3. Results

This study examined the effects of a moderately low Mg diet high in fat and energy on growth, body composition, energy intake, energy efficiency, mineral homeostasis, bone development, and glucose metabolism in OP and OR rats. The effect of rat strain and diet on each parameter is presented. Body weights differed between rat strains and between rats fed the low or normal Mg diets (Figure 1). Body weights at the start of the study were higher for OR than OP rats. From day 25 to the end of the study, OP rats were heavier than OR rats and rats fed the low Mg diet were lighter than rats fed the normal Mg diet.
Percentage lean body mass was higher, but total lean body mass was lower in OR compared to OP rats at weeks 8–9 and week 14 (Table 1). Rats fed the low Mg diet had lower total lean body mass at weeks 8–9 and week 14. Percentage body fat, total body fat, and weight of four distinct fat depots were higher in OP compared to OR rats at week 14 (Table 1). Percentage and total body fat did not differ between rats fed the low or normal Mg diets. Weight of mesenteric fat was lower in rats fed the low Mg diet.
Energy intakes did not differ between rat strains (Figure 2A). Rats fed the low Mg diet had lower energy intakes compared to rats fed the normal Mg diet. OP rats had superior energy efficiency compared to OR rats (Figure 2B). Energy efficiency was similar for rats fed the low or normal Mg diets. Food consumption did not differ between rat strains, but was lower for rats fed the low Mg diet (Figure S1). Similarly, Mg intake was comparable between rat strains, but was lower for rats fed the low Mg diet (Figure S2).
Concentrations of minerals and markers of bone metabolism were examined in the serum (Table 2) and urine (Table 3) of the rats. Concentrations of minerals and bone markers in serum and urine differed between rat strains. Serum and urine Mg concentrations were lower in rats fed the low Mg diet. Serum Ca concentrations were higher and serum potassium (K) concentrations were lower in rats fed the low Mg diet. The low Mg diet decreased serum PTH concentration only in OR rats (Table 2). Serum osteocalcin and urine DPD concentrations were similar in rats fed the low or normal Mg diets (Table 2 and Table 3).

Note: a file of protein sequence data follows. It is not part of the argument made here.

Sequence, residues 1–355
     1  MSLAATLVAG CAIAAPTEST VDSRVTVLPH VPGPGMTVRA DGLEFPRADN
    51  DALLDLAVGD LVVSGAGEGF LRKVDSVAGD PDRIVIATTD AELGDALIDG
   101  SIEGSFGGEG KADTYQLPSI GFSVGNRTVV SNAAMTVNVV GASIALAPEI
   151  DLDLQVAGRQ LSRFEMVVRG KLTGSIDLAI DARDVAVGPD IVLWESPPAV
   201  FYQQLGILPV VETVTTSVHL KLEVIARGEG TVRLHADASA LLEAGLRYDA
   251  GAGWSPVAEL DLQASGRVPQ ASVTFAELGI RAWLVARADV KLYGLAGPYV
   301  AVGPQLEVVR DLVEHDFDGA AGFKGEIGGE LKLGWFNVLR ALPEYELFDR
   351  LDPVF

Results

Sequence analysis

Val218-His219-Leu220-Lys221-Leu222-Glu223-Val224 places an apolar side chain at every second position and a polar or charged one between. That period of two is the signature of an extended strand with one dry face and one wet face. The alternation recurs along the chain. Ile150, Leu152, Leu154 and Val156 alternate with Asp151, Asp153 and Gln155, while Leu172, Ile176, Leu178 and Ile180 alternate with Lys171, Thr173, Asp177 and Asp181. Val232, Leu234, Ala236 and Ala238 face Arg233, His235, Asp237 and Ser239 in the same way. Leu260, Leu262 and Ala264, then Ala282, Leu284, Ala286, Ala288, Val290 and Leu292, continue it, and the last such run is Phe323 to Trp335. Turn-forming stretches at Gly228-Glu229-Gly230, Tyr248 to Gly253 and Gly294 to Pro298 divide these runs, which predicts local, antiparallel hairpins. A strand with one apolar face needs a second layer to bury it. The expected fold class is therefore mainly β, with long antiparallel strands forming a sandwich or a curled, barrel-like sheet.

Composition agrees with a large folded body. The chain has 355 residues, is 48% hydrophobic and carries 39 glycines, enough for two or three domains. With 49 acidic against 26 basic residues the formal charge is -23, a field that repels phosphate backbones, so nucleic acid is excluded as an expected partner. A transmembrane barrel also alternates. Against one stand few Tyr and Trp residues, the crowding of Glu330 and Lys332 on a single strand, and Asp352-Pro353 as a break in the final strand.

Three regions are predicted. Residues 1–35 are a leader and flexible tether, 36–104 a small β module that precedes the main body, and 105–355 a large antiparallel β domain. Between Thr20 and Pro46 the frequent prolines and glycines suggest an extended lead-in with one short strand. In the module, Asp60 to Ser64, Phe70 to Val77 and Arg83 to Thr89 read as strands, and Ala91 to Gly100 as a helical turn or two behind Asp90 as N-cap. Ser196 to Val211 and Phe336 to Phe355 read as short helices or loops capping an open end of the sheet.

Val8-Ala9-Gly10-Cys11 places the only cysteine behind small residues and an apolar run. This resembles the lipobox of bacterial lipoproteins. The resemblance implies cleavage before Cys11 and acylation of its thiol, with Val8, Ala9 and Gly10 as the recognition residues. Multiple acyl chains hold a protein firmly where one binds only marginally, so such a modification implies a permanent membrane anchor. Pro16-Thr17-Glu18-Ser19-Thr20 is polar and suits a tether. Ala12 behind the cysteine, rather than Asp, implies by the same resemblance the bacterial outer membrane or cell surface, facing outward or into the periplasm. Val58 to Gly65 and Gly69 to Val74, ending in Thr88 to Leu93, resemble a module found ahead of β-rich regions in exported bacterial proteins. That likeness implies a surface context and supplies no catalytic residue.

Femoral mineral concentrations and physical measurements were assessed in the rats. OP and OR rats showed differences in Mg, K, and sodium (Na) concentrations in femur (Table 4). Concentration of Mg was lower and concentrations of Ca and Na were higher in femurs of rats fed the low Mg diet.
Measurements for femur width, dry weight, and density were higher, whereas femur length:width ratio was lower in OP compared to OR rats (Table 5). Measurements for femur width, wet weight, dry weight, and volume were lower in rats fed the low Mg diet. The low Mg diet increased femur length:width ratio only in OR rats.
An OGTT was performed on a subgroup of rats in each group to investigate the effect of the low Mg diet on glucose homeostasis. Mean percentage body fat for these rats at the end of the study were 25.9% ± 2.5% (OP-LMg), 26.6% ± 2.1% (OP-NMg), 16.7% ± 1.4% (OR-LMg), and 17.3% ± 1.6% (OR-NMg). At the 30 min time point, plasma glucose concentration was higher in OR rats compared to OP rats regardless of diet (Figure 3A). Plasma glucose concentrations were similar for OP and OR rats fed the low or normal Mg diets at each time point (Figure 3A). The area under the glucose curve did not differ between rat strains or rats fed the low or normal Mg diets (Figure 3C). OP rats had higher plasma insulin concentrations at each time point compared to OR rats (Figure 3B). Area under the insulin curve was also greater for OP rats (Figure 3D). Plasma insulin concentrations at each time point and area under the insulin curve were similar in OP and OR rats fed the low or normal Mg diets.

4. Discussion

This study examined physical and biochemical changes in rats fed a moderately low Mg diet with the aim of identifying physiological processes sensitive to reduction in Mg intake. Obesity and associated co-morbidities such as type 2 diabetes affect Mg metabolism [7] and may increase vulnerability to Mg deficiency and adverse health outcomes. For this reason effects were investigated in rats selectively bred for susceptibility or resistance to diet-induced obesity. The high-fat, high-energy diets used in this study induced differences in adiposity between OP and OR rats validating our experimental model. OP rats had greater fat mass and percentage body fat at weeks 8–9 and at the end of the study.
The low Mg diet contained 23% of nutritional requirement for growing rats [31]. This degree of deficiency may exist in some individuals in the extreme lower percentiles of usual Mg intakes [11] (pp. 392–393). The low Mg diet depressed Mg status in both rat strains as evidenced by reductions in Mg concentrations in serum, urine, and femur.